This course is designed for individuals who are considering a career in information

technology (IT) and who might be planning to pursue CompTIA IT Fundamentals

certification, CompTIA A+™ certification, or other similar certifications.


At the end of this IT Technical Support NQF Level 4 qualification a learner will be able to:

  • Computer achitecture.
  • Participate in groups and/or teams to recommend solutions to problems
  • Resolve technical computer problems/Resolve computer user's problems.
  • Explain the principles of computer network.
  • Demonstrate the types of computer systems and associated hardware configurations.
  • Apply problem solving strategies.
  • Explain how data is stored on computer.
  • Describe information systems departments in business organisation.
  • Computer cabling
  • Repair personal computer or hand - held computer to module level.
  • Install a personal computer or hand - held computer peripherals.
  • Install a local area network.
  • Apply comprehensive skills to engage written and oral text in Business.
  • Interpret and use information from text.
  • Read/View, analyse and respond to a variety of text.
  • Accommodate audience and context needs in oral/signed communication.
  • Engage in sustained oral/signed communication and evaluate spoken signed text.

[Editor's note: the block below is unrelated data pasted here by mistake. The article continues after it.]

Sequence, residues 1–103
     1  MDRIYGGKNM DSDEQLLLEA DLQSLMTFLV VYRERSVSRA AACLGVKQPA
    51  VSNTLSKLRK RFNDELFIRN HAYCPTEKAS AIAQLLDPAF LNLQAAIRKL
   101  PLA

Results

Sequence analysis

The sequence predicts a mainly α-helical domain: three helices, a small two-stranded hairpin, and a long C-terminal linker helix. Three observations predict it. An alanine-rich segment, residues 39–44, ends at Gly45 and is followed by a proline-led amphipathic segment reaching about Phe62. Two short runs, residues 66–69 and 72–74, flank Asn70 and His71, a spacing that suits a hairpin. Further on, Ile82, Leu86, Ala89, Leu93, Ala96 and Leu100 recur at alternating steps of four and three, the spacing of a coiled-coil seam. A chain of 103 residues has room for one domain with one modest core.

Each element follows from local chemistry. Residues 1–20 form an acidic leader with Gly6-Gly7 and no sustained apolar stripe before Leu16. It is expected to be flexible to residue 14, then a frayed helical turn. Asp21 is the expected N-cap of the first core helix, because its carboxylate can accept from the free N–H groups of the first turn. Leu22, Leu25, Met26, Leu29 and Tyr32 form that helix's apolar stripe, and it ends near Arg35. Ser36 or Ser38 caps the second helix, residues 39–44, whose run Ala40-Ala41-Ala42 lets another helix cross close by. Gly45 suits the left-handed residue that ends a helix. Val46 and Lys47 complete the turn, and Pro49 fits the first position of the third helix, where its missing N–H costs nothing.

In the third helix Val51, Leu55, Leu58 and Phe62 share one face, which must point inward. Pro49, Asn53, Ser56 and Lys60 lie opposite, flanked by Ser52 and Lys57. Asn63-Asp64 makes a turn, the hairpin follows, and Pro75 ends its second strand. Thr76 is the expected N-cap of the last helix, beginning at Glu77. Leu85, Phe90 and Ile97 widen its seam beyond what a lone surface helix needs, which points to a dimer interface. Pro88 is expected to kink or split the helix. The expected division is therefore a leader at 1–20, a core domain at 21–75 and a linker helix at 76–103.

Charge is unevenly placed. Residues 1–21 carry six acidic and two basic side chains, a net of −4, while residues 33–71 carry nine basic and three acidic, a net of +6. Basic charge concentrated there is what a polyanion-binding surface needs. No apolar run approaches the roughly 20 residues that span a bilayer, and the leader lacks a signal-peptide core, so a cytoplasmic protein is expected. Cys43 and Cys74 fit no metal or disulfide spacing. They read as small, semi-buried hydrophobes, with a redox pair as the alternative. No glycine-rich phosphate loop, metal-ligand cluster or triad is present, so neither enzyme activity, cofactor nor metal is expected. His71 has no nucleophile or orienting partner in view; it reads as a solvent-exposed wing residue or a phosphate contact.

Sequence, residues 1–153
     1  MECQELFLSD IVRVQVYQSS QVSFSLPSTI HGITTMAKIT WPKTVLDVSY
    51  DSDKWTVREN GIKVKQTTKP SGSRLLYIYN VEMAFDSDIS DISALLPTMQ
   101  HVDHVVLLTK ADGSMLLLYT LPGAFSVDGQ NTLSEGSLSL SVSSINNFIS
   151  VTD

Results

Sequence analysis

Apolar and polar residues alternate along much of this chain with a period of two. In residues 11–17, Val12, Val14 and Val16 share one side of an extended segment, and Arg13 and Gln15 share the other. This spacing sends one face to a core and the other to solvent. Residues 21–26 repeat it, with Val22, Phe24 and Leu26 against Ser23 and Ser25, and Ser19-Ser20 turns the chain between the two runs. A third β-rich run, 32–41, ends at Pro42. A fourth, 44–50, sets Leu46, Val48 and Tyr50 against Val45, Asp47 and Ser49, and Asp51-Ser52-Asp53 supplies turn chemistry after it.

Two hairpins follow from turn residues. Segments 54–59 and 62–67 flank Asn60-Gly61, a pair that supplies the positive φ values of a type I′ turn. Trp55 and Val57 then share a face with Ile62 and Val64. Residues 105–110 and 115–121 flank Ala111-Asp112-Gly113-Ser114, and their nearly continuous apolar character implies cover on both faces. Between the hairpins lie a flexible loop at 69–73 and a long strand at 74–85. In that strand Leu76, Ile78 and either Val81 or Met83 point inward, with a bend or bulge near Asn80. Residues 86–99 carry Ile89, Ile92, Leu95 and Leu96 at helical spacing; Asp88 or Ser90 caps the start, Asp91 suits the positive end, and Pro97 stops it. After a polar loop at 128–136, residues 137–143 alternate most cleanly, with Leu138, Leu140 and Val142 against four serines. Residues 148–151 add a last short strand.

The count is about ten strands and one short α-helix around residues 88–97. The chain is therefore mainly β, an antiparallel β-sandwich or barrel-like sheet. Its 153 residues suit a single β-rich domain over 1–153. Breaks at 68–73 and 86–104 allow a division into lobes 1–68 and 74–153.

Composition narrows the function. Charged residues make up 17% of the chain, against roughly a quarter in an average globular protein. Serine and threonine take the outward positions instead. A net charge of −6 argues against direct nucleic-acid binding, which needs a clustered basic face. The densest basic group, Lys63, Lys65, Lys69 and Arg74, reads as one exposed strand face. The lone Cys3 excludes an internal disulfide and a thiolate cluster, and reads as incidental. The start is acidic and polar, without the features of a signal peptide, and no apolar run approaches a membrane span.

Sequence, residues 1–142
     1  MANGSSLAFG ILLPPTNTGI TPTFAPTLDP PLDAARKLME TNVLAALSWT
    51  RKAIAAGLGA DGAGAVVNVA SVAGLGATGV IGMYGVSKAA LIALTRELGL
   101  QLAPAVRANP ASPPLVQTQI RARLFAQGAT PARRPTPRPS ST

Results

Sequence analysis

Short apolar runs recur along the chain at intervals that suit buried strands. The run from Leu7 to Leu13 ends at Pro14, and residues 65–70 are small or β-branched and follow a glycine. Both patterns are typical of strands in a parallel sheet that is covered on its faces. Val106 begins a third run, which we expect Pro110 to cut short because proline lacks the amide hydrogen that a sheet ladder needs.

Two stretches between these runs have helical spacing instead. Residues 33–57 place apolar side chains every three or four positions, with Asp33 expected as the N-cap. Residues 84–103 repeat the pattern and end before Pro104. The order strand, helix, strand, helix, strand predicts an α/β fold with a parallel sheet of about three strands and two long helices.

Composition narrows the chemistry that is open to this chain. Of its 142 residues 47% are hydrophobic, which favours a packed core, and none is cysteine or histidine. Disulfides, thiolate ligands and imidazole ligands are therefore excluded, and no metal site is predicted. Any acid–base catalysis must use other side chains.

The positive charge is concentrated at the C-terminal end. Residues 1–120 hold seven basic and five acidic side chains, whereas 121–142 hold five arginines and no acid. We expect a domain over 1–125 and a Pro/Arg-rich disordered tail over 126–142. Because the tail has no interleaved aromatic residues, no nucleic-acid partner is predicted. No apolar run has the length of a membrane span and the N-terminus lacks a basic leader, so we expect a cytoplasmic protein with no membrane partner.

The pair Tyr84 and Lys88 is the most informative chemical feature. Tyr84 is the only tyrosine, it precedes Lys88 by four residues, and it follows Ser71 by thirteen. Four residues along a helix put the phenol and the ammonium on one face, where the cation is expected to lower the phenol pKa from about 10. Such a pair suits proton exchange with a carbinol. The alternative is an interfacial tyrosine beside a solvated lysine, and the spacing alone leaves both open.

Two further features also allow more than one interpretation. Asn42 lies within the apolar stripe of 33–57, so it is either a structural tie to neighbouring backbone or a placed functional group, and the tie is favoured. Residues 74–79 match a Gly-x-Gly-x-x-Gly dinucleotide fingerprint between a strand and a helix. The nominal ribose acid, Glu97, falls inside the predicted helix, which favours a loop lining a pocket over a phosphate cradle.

• Write/present sign texts for a range of communicative contexts
  • Write/present/sign text of a range of communicative contexts.
  • Use language and communication in occupational learning program
  • Represent analyse and calculate shape and motion in 2 and 3 dimension space in different contexts.
  • Use mathematics to investigate and monitor the financial aspects of personal, business, national and international issues.
  • Apply knowledge of statistics and probability to critically interrogate and effectively communicate findings on life related problems 

End-user computing (EUC) is about bringing the full digital workspace to life for an organization. It's about looking holistically at the breadth of the end-user experience and considering all the systems required to accomplish the daily workload. Instead of building an individual Point of Delivery (PoD) for each desktop type, application, and database — consolidating these systems into a single platform delivers a more efficient user experience.

Given the scope of EUC roles and responsibilities, any platform that is used to support an initiative should be intuitive, agile, scalable, and manageable. These features reduce the level of expertise required to keep up with the changing digital workplace. With this objective in mind, organizations are investigating how to use a hyper-converged infrastructure (HCI) platform for their EUC initiatives. Key to the success of a EUC initiative is bringing the components of the platform to users and managers without requiring systems expertise, allowing a more fluid introduction of new technologies to end-users.

A well-designed end-user computing strategy maps out how users can access the digital platforms they need to be productive, both on-premises and work remotely. It includes the full range of tools necessary to complete their required tasks and considers how to enable future growth without disruption.